Source- Review copy
Publisher- Allen and Unwin
Synopsis: We all have secret lives. And we are all pretty good at keeping them secret. With simplicity and great beauty, Currawalli Street reveals the echoes between past and present through the story of one ordinary street and its families, from the pre-war innocence of early 1914 to the painful and grim consequences of the Vietnam War. In 1914, Thomas, the young rector, questions his faith and falls in love; his sister Janet, a dutiful spinster, hides a surprising secret; and their neighbour, Rose, is burdened with visions of the coming hell. In 1972, Jim, a soldier fresh from Vietnam, returns home to Currawalli Street to find that death has a way of seeping in everywhere; Patrick, looked after by his elderly wife, Mary, can’t relinquish his former identity; and always there is the boy up in the tree, watching them all and keeping note. In only three short generations, working horses and wagons are lost to cars, wood-fired ovens are replaced with electric stoves, and the lessons learned at such cost in the Great War seem forgotten. But despite all the changes, the essential human things remain: there will always be families and friends reaching out for connection; people will always have secrets to keep hidden from view; and desire and love are as inevitable as war and violence. Deep, rich and satisfying, Currawalli Street links families and neighbours, their lovers and friends, in a powerful and moving dance through time.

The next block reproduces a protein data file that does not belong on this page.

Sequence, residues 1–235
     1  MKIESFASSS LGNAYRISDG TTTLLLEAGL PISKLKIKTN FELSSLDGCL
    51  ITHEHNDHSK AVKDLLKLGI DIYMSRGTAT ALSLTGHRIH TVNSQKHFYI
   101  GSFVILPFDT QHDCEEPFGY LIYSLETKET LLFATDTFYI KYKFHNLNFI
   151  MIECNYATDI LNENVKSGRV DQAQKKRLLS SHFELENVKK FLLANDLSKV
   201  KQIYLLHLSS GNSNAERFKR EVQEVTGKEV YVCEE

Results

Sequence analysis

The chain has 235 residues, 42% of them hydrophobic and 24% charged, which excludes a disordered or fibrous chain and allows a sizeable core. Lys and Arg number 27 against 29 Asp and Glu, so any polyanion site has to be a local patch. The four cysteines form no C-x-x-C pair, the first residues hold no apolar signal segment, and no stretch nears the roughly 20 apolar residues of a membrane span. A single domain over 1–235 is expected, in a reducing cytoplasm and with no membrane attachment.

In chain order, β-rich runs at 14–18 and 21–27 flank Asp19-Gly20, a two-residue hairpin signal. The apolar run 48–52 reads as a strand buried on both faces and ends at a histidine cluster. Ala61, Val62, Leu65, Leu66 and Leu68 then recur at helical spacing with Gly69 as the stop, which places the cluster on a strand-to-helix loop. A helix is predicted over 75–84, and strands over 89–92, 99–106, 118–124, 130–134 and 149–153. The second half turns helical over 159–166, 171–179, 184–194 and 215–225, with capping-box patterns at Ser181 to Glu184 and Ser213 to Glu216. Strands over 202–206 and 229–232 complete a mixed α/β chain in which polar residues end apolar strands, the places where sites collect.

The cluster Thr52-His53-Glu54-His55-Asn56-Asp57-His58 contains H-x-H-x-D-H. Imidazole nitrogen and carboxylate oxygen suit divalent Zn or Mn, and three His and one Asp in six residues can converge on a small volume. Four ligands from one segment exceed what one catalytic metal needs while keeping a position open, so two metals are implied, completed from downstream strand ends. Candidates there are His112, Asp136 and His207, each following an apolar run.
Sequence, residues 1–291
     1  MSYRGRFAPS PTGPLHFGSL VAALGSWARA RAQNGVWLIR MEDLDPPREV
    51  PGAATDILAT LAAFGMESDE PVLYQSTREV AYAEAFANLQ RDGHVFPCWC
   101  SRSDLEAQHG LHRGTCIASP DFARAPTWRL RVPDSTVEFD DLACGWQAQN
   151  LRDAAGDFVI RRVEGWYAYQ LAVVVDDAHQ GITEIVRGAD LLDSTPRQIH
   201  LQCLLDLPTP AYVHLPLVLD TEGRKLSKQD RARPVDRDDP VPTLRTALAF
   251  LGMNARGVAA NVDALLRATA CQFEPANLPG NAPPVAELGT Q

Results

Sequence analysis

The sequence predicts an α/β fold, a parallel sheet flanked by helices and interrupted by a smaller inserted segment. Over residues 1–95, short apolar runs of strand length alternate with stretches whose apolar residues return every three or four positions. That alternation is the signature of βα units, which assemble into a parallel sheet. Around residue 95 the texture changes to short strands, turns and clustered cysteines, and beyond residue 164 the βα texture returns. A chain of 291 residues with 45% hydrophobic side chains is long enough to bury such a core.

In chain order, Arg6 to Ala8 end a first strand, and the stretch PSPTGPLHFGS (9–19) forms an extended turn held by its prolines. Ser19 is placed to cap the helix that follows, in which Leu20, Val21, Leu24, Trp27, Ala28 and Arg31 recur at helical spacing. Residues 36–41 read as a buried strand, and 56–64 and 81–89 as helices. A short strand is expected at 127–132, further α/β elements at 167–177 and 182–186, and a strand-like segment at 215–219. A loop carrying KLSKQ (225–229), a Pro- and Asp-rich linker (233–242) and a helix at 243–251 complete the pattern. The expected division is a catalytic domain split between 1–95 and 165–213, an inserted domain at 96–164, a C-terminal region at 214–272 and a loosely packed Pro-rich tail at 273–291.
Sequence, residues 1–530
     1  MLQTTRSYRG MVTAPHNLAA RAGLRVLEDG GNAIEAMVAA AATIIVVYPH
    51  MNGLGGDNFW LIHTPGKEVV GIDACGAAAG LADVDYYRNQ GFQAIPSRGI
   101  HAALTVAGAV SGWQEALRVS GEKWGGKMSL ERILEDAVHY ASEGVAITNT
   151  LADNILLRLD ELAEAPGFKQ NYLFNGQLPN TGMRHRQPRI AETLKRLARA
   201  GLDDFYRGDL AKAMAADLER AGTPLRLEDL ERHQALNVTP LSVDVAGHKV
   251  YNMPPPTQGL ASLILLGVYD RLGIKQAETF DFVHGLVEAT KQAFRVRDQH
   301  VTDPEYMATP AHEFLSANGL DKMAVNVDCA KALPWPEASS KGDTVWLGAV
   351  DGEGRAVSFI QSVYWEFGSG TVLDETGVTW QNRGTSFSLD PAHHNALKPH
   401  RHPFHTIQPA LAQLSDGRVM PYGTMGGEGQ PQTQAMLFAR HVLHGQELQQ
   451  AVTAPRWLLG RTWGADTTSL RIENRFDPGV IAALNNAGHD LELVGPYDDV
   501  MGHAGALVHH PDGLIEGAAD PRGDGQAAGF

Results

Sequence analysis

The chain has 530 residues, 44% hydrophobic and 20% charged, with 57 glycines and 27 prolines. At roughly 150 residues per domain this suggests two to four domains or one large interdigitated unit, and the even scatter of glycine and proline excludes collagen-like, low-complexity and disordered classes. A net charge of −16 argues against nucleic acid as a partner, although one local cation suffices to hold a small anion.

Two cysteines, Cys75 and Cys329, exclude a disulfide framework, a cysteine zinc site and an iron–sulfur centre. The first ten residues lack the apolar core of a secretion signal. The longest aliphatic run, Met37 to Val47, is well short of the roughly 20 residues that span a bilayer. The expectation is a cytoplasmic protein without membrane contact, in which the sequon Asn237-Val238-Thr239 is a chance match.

Review: Currawalli Street is a slow read. In the first half of the book, each of the characters who live on Currawalli Street, Melbourne in 1914 are briefly introduced. Their lives intertwine but it is only revealed at surface level. Just as I started to get to know the characters, the second half of the book jumps two- three generations into the future (in 1978) post-Vietnam war and I had to get to know the new protagonist, Jim. It felt a little late in the story to get to know someone knew and I felt a little lost. Jim is the grandson of Kathleen and Johnny (who we meet in 1914, living on Currawalli Street) and he has returned from a stint in the Vietnam War. He battles PTSD along with the recent loss of his parents who were murdered. He returns to his family home and begins to uncover the family secrets.
The author has a wonderful way with language and I have no criticism about the writing style, but I think this book just wasn’t for me. There were too many characters for me to invest in and they disappeared halfway through the book and I felt like I had to start all over again.
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